14 other ways of deterring fraud which we tried to identify. Two further points. First, nothing we said affects the correct approach in a case where an application is made to strike out a statement of case in whole or in part at an early stage. One of the objects to be achieved by striking out a claim at an early stage is to stop proceedings and prevent the further waste of resources on proceedings which the claimant has forfeited the right to have determined. Secondly nothing in the judgment affects the case where the fraud or dishonesty taints the whole claim. In that event, if the court is aware of it before the end of the trial, judgment will be given for the defendant and, if it comes to light afterwards, it will be open to a defendant to raise the issue in an appeal. It might also be possible to apply to set aside a judgment on the ground that it had been obtained by fraud. 32. The decision has come in for a certain amount of comment, not all of it favourable. Both leading counsel in the case have had their say. I am not sure whether it is surprising or not, but their views reflect the arguments they advanced on behalf of their clients. In my defence, I have Craig Sephton QC and Hugh Davies 7, who were counsel for the claimant. I also have Lord Kerr, who recently discussed the case in a lecture. I must however admit that he was a member of the Supreme Court who was a party to the decision and might therefore be expected to support it. For the prosecution, on the other hand, are not only William Norris QC, who was counsel for the employer and, in reality, for the employer s liability insurers, but also Professor Adrian Zuckerman, who is a distinguished academic and, in particular, a great expert in civil procedure. 33. The headline to William Norris article is Look Out: I ve got a Power But I am not going to use it. 8 Professor Zuckerman s criticisms are also quite trenchant. His article is entitled: Court 7 JPI Law 2012, 3, JPI Law, 2012, 3,

15 protection from abuse of process the means are there but not the will. 9 Part of the thrust of the adverse comment is that, while the recognition of a power to strike out after a trial on the merits is welcome, it is pusillanimous not to exercise the power except in an exceptional case. In particular it is suggested that abuse of process and forfeiture go hand in hand and the right to have one s claim adjudicated go hand in hand. After making that point Professor Zuckerman continued (at p 378): Parties are entitled to legal process in order to prosecute legitimate causes. Since access to justice is available for the redress of wrongs, a party who uses it for the commission of a crime or a wrong forfeits the right of access in relation to the particular cause. Striking out a case for abuse of process is primarily designed to protect the legitimacy of the court s own process. For a court that suffers its process to be used for the commission of a crime or a wrong will lose public confidence in its ability to maintain the rule of law. 34. Professor Zuckerman then refers to the principles of illegality and ex turpi causa non oritur actio, in which relief is refused, not because of the need to deter others but because of the need to maintain confidence in the administration of justice. He correctly recognizes that in Summers we considered that the jurisdiction to strike out for abuse of process was founded on the public policy of protecting the legitimacy of the court process. He also recognizes the relevance of proportionality in deciding what action to take in response to an abuse of process. However he then says that we erred in focusing on deterrence rather than the principle of ex turpi causa. As I see it, at any rate at present, the problem with the ex turpi causa approach is that the court has no discretion. Where the principle applies, the court has no alternative but to strike the whole case out, which may be too blunt an instrument to deal with the particular case. However that may be, as ever, Professor 9 (2012) 31 CLQ, Issue 4,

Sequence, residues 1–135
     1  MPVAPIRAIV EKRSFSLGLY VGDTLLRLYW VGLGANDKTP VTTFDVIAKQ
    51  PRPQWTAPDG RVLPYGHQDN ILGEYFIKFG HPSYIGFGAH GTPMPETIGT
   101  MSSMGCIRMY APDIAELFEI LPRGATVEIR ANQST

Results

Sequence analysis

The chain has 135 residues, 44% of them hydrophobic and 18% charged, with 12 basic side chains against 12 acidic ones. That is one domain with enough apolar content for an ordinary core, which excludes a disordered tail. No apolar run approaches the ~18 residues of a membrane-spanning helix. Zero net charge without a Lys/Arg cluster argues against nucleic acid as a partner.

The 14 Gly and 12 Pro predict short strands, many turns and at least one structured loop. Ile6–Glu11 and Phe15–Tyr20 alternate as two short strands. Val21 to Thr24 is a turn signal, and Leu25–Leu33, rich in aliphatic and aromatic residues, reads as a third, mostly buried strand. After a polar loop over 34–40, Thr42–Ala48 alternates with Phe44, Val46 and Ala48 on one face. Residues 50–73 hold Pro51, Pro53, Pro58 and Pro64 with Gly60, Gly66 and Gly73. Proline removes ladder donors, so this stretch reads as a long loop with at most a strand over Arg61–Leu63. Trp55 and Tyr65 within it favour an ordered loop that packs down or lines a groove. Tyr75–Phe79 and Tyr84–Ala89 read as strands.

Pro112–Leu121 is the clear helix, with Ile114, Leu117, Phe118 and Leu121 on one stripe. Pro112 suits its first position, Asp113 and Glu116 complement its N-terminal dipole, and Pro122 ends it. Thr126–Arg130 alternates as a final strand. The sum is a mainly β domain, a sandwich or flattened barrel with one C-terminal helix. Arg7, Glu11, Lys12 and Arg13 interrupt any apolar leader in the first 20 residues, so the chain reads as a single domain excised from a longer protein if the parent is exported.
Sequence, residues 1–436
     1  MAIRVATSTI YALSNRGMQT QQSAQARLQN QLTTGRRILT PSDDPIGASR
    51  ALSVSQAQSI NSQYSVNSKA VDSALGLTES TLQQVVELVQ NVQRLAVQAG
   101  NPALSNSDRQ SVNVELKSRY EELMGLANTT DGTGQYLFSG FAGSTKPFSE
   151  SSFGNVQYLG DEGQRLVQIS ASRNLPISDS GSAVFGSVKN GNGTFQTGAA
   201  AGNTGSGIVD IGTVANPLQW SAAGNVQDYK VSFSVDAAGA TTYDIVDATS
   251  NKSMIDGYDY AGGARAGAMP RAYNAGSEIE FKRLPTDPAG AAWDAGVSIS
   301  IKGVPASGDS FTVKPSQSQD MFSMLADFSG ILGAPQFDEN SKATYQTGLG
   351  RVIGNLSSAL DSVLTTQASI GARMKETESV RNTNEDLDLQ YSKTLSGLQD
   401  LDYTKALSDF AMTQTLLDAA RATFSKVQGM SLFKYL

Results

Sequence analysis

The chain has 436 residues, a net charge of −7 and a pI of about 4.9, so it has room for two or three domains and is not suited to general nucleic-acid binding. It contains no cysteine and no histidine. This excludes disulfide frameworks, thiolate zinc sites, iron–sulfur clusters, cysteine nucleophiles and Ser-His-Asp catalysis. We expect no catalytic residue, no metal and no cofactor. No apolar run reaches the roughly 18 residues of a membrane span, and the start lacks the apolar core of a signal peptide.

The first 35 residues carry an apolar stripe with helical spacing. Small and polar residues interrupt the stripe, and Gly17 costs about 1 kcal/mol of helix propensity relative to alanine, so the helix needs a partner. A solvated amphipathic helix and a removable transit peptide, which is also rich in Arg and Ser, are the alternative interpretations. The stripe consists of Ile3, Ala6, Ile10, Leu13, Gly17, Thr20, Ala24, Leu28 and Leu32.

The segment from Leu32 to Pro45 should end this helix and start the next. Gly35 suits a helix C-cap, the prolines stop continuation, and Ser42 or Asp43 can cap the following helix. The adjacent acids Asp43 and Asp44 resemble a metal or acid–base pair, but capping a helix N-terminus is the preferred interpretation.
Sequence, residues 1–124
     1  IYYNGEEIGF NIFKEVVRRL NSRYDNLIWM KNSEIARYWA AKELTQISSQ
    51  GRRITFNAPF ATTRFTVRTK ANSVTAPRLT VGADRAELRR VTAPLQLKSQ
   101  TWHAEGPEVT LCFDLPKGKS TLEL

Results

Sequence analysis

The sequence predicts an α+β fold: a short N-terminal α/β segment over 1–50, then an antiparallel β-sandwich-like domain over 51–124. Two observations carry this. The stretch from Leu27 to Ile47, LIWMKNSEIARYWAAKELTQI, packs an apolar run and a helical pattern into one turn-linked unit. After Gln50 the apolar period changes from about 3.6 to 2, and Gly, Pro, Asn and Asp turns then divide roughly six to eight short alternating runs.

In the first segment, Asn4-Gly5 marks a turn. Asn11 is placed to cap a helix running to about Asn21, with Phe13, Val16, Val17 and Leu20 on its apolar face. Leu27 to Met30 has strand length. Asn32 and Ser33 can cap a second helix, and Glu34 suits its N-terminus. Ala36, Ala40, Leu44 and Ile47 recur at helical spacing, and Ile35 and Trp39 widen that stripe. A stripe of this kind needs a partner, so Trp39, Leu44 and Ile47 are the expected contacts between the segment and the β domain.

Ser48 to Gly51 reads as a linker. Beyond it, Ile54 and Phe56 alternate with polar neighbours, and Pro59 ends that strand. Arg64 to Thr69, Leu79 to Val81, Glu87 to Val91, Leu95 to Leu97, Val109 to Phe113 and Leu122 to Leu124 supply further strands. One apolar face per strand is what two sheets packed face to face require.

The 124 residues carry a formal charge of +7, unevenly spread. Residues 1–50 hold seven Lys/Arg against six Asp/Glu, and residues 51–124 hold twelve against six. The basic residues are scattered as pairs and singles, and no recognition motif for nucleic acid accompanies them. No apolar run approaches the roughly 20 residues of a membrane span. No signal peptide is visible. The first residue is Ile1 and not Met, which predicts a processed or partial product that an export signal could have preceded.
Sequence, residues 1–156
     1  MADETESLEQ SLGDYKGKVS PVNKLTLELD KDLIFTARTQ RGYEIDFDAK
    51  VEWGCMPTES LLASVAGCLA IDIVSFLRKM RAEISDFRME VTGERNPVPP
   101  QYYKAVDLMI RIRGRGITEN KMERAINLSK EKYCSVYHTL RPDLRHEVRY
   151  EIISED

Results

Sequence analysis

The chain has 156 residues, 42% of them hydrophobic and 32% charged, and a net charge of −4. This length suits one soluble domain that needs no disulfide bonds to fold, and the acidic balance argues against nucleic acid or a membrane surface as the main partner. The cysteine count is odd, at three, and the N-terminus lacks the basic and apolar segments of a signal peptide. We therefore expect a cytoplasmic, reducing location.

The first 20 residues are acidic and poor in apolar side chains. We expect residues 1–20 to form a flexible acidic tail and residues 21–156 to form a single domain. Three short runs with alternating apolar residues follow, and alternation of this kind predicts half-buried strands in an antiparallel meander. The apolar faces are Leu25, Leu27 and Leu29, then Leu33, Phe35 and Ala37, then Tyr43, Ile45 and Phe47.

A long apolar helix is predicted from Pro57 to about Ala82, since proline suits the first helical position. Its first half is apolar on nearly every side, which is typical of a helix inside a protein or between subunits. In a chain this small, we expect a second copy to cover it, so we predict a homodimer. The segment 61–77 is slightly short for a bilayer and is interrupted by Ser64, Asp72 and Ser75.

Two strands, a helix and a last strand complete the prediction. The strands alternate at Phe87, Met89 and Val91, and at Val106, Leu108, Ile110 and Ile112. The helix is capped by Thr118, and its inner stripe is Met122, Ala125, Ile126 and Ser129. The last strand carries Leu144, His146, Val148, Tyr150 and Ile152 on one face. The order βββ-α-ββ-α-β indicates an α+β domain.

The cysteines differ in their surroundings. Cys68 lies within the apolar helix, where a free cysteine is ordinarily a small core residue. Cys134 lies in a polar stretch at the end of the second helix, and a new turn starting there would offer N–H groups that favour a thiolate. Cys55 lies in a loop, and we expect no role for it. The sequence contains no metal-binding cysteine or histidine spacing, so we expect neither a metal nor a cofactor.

16 Zuckerman s views merit careful consideration. I commend them to you, even if I do not entirely agree with all of them. 35. I note in this context that Lord Kerr said this 10 : let me express a purely personal view on the question whether an all-embracing, universally applicable rule can be applied in order to determine whether a particular species of fraud will bring about dismissal of the action. I appreciate that most insurers would welcome a fairly precise, easily applied rule to decide this question. But is such a rule either feasible or desirable? I should own up immediately to an instinctual aversion to the devising of an overly technical rule for the resolution of most legal issues. But, quite apart from that, I do not believe that such a rule in the present context is likely to prove helpful in the long term. In my experience, such rules promise more than they can deliver on purported application. As ever, I agree with Lord Kerr. 36. It is important to appreciate that this is the first case in which it has been held that the court has power to strike out an action as an abuse of process in circumstances in which a party has advanced a claim which is in part fraudulent but in which the judge was able to determine the true facts and the correct measure of damages. As I see it, in many cases the position is likely to be different. Applications are likely to be made at a comparatively early stage of the proceedings. The correct approach in such cases will have to be left to evolve on a case by case basis. 37. The underlying principle seems to me to be that to which I have already referred, namely that the court must examine the facts scrupulously in order to ensure that to strike out the claim is a proportionate means of achieving the aim of controlling the process of the court and deciding cases 10 IFIG Conference Belfast, 11 September